Of course, in following the wall you’ll also get to enjoy the maze of narrow alleys, hidden plazas and delightful whitewashed houses that seemingly haven’t changed in centuries.
Marvel at the Churches of Vejer de la Frontera
The lovely 14th century Divino Parish church (Iglesia Divino Salvador) built on the ruins of an old mosque looms over Vejer de la Frontera and is a fascinating combination of architectural styles.
Displaying Baroque, Renaissance, late-Gothic and Gothic-Mudejar influences, it features an impressive 17th century altarpiece, three large naves and serves as the main religious building in town, hosting all the important spiritual moments in the lives of local “vejeriegos”.
Located between the castle and Divino Salvador Parish Church, the 16th century Convento de Nuestra Senora de la Concepcion was originally built as a tomb for the Juan de Amaya family. A few decades later, the nuns of the Concepcionista moved in the adjacent convent, where they remained until it was shut down in 1835.
Eventually donated to the town of Vejer de la Frontera and restored, today the convent serves as host to a variety of cultural festivities.
Take a Photo at Arco de las Monjas
One of the most popular Vejer de la Frontera photo spots is the Arco de las Monjas (Arch of Nuns).
Attached to the convent, it was one of the many arches that were built to support the chapel following the major earthquake of 1773. Located in the old Jewish quarter, it is also sometimes referred to as the Arco de la Judería.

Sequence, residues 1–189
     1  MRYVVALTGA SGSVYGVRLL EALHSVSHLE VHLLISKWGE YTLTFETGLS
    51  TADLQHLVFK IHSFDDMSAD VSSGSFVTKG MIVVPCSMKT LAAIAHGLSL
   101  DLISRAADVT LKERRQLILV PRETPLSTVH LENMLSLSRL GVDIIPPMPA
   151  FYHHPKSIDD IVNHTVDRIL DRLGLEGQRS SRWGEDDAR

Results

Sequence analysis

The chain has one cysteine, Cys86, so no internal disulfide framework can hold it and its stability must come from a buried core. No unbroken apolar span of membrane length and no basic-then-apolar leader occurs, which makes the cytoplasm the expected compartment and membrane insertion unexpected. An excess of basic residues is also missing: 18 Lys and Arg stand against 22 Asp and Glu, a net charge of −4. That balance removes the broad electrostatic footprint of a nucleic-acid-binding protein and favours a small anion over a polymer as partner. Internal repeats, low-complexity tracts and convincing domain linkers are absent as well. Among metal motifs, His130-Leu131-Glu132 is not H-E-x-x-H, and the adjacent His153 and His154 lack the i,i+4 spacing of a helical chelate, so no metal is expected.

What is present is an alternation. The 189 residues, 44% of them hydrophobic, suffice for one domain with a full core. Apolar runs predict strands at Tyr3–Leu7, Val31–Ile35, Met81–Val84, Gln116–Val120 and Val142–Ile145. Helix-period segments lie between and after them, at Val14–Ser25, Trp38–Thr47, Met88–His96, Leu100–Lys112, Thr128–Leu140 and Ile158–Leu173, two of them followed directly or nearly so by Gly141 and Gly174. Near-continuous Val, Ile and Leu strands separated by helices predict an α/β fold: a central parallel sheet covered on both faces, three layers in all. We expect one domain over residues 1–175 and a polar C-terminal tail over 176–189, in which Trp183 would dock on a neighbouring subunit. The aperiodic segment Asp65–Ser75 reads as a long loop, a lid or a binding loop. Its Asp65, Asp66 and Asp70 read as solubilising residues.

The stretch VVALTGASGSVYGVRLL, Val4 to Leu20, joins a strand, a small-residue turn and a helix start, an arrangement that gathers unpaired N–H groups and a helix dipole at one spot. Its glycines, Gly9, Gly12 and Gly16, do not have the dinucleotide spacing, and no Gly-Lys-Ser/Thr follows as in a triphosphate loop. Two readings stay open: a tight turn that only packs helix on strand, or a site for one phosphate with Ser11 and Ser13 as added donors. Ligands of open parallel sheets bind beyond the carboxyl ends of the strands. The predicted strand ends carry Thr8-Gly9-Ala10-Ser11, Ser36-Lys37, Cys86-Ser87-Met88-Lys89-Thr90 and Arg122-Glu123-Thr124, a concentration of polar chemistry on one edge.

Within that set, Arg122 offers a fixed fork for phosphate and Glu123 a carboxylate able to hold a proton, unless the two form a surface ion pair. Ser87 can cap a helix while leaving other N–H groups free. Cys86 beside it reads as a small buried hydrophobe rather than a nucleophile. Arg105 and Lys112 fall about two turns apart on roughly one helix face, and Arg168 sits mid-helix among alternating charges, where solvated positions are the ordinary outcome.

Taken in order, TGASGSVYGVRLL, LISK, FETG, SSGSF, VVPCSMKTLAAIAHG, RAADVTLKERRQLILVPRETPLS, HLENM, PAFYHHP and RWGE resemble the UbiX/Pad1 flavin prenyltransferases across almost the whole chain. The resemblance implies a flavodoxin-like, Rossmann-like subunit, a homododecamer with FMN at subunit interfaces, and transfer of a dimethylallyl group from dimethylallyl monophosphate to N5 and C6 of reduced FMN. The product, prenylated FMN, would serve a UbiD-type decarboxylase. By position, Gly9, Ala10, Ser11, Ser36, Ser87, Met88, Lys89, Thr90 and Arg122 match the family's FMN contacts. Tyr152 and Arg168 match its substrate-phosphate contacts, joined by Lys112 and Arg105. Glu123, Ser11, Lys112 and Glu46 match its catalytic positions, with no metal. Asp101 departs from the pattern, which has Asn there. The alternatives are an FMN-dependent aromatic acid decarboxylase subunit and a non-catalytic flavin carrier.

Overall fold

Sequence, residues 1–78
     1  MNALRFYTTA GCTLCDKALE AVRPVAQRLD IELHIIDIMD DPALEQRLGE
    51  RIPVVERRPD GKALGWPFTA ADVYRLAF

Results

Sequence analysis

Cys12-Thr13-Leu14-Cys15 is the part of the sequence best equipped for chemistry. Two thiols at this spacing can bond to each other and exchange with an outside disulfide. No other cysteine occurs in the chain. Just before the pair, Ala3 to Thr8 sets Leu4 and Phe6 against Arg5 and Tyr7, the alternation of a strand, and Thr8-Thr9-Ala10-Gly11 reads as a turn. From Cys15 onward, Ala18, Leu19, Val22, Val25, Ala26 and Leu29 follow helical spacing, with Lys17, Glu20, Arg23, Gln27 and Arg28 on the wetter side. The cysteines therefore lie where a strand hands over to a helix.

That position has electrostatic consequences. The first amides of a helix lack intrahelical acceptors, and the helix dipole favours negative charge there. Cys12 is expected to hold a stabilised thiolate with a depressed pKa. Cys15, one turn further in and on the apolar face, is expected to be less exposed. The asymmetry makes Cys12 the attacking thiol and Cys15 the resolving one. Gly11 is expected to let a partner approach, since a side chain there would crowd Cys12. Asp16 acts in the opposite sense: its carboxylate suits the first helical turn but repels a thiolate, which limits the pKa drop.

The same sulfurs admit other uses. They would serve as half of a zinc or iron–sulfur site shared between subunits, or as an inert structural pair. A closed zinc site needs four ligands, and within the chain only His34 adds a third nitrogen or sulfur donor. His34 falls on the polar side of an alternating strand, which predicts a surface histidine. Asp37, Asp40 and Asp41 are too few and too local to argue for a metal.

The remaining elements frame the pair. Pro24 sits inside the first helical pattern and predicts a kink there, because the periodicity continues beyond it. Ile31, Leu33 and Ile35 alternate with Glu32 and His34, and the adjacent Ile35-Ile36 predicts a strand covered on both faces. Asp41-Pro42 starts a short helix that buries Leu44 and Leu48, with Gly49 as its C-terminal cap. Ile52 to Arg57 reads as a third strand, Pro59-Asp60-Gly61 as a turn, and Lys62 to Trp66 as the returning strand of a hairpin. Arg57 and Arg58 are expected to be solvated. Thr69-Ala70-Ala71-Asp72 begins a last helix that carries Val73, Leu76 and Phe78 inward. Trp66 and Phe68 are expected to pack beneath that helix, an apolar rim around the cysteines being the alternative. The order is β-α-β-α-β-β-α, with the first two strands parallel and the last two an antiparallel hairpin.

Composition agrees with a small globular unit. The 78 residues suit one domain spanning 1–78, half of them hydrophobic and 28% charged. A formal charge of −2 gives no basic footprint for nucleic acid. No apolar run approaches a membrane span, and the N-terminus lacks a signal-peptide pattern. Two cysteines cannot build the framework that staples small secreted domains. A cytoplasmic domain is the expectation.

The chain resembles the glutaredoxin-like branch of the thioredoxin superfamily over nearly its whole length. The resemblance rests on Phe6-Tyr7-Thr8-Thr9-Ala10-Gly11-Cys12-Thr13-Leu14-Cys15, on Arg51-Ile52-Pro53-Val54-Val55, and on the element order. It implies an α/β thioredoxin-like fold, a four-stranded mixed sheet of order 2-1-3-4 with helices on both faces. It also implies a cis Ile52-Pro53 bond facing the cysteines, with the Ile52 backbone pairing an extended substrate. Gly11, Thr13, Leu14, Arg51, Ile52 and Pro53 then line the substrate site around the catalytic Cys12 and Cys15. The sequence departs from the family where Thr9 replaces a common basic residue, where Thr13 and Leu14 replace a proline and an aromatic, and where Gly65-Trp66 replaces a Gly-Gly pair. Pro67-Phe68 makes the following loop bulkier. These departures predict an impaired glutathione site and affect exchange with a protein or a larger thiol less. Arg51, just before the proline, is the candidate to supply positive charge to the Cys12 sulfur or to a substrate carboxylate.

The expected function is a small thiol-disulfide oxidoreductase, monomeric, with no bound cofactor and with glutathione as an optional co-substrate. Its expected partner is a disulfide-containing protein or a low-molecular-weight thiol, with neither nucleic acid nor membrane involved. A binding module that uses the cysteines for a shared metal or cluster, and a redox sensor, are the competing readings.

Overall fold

Check out the Castle of Vejer de la Frontera
Located at the very top of the town, as they do it in these parts, you’ll find the Vejer de la Frontera castle, a classic fortress boasting unbelievable views from the ramparts. Built in the 10th century by Abd al-Rahman I atop the ruins of a previous castle, it has evolved considerably over the years.
Eventually housing the Duke of Medina-Sidonia after the Christian conquest, there is still a compelling mix of styles to enjoy. One of the best photos spots is near the Moorish arch, which leads into a pleasant courtyard and, eventually, a residential area that has kind of just taken over the area.
Hang out in the Plaza de España
Gotta say, we were shamelessly seduced by the Vejer de la Frontera main square.
Officially called the Plaza de España – the standard name for main squares around the country – but known to locals as Plaza de los Pescaítos (Little Fish), it is instantly unique with its towering palm trees, marvelous fountain and, of course, all those graceful frogs I was talking about. We have simple tastes, apparently.
Nonetheless, it is also surrounded by nice restaurants, churches, old gates and City Hall in case, for some reason, you aren’t a complete sucker for ceramic frogs spewing recycled water.
Apparently, bullfights were also held here back in the day, although thankfully not while I was in the middle of enjoying my cerveza grande.
Get Lost to Find Your Favourite Corner
As with so many of the pueblos blancos, most of the fun is in the aimless wandering. Getting hopelessly lost – although never for long, it isn’t a big place – is the best way to stumble across some odd building, scenic lookout, colourful display or sympathetic dog tenaciously gnawing on his junk.